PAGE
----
The Warriors' new throwback jerseys are fine. The Wizards' represent everything wrong with society

SFGATE columnist Rod Benson on the latest reboot of something that's neither good nor old.

Michael Jordan, wearing one of the worst jerseys ever, argues with a call in November 2001.

Michael Jordan, wearing one of the worst jerseys ever, argues with a call in November 2001.


I’m old enough to remember when throwback jerseys were the only jerseys we wore. The first one I wore, once a week with Girbaud jeans and black Air Force Ones, thank you very much, was a black, red and yellow Shareef Abdul-Rahim retro Hawks jersey. I rocked that fit with pride constantly until the first day of summer class one year at Cal, when Shareef walked in and sat down next to me. Ashamed, I never wore it again.

But the second was a Michael Jordan Washington Bullets throwback, which may have been the most popular of that era. You couldn’t go out without seeing someone else with it on, but that didn’t deter me. There weren’t a ton of options for Jordan jerseys then, and eBay barely existed yet. And critically, the jersey was actually fire. The red, white and blue was my fit for back-to-back July Fourths. 

But perhaps the real reason for its popularity was that while Michael was in Washington, there was only one other MJ Wizards jersey available: The abomination that I refer to as “the Kwame Brown.”

And no one wanted the Kwame Brown, believe me. It looked bad. Really bad. It reminded me of one of those kids’ design competitions, and the winner was a kid who was inspired by real magic and believed in wizards. It looked like the jersey the wizard from Cookie Crisp would wear if he played in the NBA. This was also during the XXXXL size era, so this jersey on actual NBA players looked like yards and yards of the only unsatisfying blue colored fabric imaginable. Twenty-two inches of inseam in shorts that nobody wanted. Nobody.

Luckily, in 2012, the Wizards went back and adopted the old Bullets theme that they still use today and left the Kwame behind. Nobody was upset with that change. Nobody. 

And certainly no one spent the last decade clamoring for it. Which is why I began yelling WHY to myself when the Wizards recently announced that they’re bringing back one of the worst jerseys in NBA history as a throwback Classic Edition for the upcoming season.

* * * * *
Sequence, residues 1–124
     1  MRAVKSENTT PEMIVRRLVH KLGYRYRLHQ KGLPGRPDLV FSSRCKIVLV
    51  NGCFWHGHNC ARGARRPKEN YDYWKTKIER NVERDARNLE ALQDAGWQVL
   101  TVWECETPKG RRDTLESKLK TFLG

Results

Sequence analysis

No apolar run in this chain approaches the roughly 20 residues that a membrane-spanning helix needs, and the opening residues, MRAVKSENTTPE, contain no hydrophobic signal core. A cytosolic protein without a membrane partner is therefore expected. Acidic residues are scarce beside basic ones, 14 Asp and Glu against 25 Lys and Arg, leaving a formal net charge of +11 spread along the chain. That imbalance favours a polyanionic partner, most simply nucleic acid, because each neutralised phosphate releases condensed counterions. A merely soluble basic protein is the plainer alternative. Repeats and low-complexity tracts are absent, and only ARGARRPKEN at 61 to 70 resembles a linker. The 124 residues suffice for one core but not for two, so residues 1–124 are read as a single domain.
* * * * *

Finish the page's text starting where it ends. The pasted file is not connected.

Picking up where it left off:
Seriously. Why? Why bring back a jersey that’s only ten years old? If John Wall were still a Wizard, this would be a retro version of a jersey he actually wore. It’s hardly retro at all! The old jersey was adopted in 1997 and ran until 2011 and during that time, no one liked it and the Wizards lost a lot of games. So I have to imagine that the only reason they’re going back to this particular jersey is because the Wizards don’t have a lot to offer in terms of retros. The current jersey basically is a throwback already. But then why not come up with a new alternate, like the Cavs and Jazz did, or put a new spin on an already-existing classic, like the Warriors did? Alas, Wizards gonna Wizard.

This is the larger issue: everything is being recycled. Nothing is new, and it’s not just the NBA.

There’s “White Men Can’t Jump,” a near perfect film, being rebooted with Jack Harlow as the star. There’s the McRib. These are among the roughly ten million things from the ‘90s that had their moment but no one is asking for now. But there’s a level below that: reboots of things that were both never good and are not old. Transformers movies. And the Kwames. I now believe every pitch meeting for everything consists of a bunch of decision makers sitting quietly around a table until one of them asks “remember this?”

Of course there is a place for nostalgia, executed narrowly and well. Outside of the NBA, Spider-Man and Taco Bell’s Mexican pizza. Inside it, what the Lakers, Warriors and Pistons are doing this year. (Give me the horse on the jersey all day. Seriously. More horse.)

And that’s why we get the constant reboots: Because the ones that work really do scratch an itch. I’ll likely never tire of the Jordan III no matter how many iterations come out. But the league, and society at large, are now flooding us with things we aren’t really asking for and trying to convince us that these things are cool.

Too often, we take the bait, but it’s impossible to imagine anyone falling for the Kwame Jersey, a look so jarring it snaps you back to reality like a cold shower. I look forward to laughing at whoever wears it on and off the court.